2) As determined in the decision of the American Psychiatric Association in 1973, homosexuality is no longer considered a pathology. No homosexual need undergo treatment, unless he or she is for some reason “uncomfortable” with the same-sex attraction, in spite of the fact that it is generally recognized to be quite normal. Dr. Robert Spitzer, who originally spearheaded the movement to normalize homosexuality, later decided that the move was precipitous, and that homosexuals can often be cured of exclusive same-sex orientation. Spitzer published positive results of “reparative therapy” in the Archives of Sexual Behavior. But Spitzer, now in his eighties and suffering from Parkinson’s disease – and emotionally devastated by an outpouring of hatred from militant gays – has recently announced that his interpretation of the data was flawed, and reversed his earlier reversal. So the clinical normality of homosexuality is no longer threatened by Spitzer’s indecision. In fact, the State of California has just passed a bill prohibiting the use of reparative therapy by psychotherapists.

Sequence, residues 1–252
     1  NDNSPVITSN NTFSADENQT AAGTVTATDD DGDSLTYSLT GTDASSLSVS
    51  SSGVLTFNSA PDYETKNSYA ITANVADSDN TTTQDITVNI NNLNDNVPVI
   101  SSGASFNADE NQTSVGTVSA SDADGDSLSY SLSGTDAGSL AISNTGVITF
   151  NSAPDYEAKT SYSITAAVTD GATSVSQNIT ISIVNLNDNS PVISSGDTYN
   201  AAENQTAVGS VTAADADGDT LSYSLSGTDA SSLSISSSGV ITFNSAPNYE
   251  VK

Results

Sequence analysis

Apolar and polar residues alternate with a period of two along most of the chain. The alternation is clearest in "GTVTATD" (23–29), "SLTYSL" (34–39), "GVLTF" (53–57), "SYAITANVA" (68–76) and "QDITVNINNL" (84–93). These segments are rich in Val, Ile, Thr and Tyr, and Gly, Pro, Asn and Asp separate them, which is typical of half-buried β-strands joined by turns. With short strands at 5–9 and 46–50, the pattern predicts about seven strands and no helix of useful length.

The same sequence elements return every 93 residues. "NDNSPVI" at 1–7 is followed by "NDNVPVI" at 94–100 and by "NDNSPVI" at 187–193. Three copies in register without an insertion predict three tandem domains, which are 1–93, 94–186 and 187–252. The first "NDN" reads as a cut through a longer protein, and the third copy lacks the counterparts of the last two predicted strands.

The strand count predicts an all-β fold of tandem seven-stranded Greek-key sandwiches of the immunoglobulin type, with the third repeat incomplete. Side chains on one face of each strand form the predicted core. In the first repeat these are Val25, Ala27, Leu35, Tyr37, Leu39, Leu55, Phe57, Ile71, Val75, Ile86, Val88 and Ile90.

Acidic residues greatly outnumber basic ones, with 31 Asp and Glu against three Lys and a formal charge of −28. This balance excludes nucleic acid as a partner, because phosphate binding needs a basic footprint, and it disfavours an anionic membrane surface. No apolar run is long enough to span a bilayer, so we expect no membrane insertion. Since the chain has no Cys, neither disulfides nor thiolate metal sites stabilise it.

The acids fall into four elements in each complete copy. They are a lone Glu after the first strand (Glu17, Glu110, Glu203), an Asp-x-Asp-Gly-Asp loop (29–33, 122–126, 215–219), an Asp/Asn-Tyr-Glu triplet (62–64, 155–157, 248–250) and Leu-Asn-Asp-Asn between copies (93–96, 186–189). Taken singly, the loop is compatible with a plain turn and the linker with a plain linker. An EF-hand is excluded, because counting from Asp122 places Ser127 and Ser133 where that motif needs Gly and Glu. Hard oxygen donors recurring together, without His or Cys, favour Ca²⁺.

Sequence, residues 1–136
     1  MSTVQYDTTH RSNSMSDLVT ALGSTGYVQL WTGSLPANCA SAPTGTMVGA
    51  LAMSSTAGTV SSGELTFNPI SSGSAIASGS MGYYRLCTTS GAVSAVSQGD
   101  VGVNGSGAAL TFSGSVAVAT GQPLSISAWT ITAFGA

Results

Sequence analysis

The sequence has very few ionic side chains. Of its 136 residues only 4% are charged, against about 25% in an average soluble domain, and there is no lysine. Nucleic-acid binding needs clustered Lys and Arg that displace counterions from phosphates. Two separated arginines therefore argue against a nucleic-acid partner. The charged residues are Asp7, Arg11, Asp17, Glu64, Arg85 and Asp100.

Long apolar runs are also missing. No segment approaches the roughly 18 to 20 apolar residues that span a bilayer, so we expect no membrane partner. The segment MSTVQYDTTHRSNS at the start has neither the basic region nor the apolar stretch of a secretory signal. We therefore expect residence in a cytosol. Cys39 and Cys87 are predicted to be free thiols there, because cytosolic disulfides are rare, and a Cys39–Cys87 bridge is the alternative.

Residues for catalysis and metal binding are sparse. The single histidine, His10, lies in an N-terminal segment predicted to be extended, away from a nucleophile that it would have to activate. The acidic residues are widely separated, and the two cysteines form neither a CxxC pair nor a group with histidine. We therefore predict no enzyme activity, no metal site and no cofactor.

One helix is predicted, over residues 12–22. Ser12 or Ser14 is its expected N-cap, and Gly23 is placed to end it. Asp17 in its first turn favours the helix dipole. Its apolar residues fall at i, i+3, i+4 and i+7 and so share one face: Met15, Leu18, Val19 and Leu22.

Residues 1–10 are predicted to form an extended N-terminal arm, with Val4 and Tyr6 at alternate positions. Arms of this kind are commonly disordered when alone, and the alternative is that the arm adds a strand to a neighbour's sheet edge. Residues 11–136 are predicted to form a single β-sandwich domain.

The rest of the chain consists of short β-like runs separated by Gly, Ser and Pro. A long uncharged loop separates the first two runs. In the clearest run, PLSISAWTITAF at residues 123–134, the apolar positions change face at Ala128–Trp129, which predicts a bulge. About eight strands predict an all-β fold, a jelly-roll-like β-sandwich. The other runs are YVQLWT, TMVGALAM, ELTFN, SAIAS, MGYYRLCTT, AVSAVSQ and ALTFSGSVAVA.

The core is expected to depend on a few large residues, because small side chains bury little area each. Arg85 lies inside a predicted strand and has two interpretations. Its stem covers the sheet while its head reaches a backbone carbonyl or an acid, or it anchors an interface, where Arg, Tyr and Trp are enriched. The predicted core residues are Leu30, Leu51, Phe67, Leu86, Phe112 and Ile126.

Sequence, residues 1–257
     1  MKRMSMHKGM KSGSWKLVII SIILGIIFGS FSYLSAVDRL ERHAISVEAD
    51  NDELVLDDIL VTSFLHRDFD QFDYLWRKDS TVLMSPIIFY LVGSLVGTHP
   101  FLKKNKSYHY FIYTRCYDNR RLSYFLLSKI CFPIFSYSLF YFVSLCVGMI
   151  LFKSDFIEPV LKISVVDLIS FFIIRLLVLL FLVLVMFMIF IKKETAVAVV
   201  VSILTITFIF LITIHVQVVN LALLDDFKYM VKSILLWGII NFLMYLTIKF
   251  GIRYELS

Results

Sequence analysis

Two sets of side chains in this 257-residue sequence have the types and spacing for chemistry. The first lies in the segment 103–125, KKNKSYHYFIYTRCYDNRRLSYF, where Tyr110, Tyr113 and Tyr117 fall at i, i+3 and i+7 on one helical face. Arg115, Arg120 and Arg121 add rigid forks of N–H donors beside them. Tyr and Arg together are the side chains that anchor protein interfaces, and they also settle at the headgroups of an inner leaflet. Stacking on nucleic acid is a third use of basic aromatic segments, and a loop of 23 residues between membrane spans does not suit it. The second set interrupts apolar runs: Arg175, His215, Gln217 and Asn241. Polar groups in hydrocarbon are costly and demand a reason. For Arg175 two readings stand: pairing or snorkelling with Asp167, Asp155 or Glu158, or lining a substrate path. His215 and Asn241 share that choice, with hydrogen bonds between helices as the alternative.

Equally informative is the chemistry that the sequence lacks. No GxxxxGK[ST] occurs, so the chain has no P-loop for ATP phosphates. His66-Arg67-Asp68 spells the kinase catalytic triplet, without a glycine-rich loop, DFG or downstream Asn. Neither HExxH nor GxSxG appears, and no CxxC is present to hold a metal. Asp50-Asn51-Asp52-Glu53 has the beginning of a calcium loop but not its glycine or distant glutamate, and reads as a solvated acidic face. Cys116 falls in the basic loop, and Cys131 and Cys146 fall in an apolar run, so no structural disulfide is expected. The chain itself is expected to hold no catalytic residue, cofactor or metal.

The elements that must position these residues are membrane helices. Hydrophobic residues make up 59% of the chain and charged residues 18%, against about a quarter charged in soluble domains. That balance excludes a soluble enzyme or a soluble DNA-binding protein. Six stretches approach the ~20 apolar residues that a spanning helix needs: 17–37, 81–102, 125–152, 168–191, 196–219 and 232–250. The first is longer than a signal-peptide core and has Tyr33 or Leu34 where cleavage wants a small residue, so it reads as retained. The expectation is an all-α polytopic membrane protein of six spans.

Marriage is a Sacrament

3) Almost every couple is now using contraceptives, the purpose of which is to completely separate sex from procreation. But sex without procreation is exactly what gay liaisons are about. Heterosexual and homosexual marriages have become just two types of non-procreative sexual experience. It would be patently inconsistent for contracepting heterosexuals to complain about gay marriage, just because they are engaged in a different version of non-procreative sex.

4) Outside of Catholicism and Orthodoxy, marriage is not considered a Sacrament, but a contract. Luther and other Protestant Reformers removed marriage from the category of sacraments (which, like baptism, confer special graces) and relegated it to a civil contract, often officiated over by ministers. Marriage as a Sacrament is considered a spiritual participation in the mystery of Christ’s eternal espousal of the Church, and thus is so essentially connected with a male-female model (Genesis 1, Ephesians 5:31-33) that any application to gay marriage would be forced and spiritually repugnant. However, the fact that the majority of Catholic married couples, if we may believe the opinion polls, are using contraceptives, and in doing so are missing the grace-giving, sacramental aspect of their marriage, leaves us with only a minority witnessing to sacramental marriage – a weak counter-attack indeed. If marriage is just a civil contract, civil authorities, with a little legerdemain, can make it applicable to homosexuals.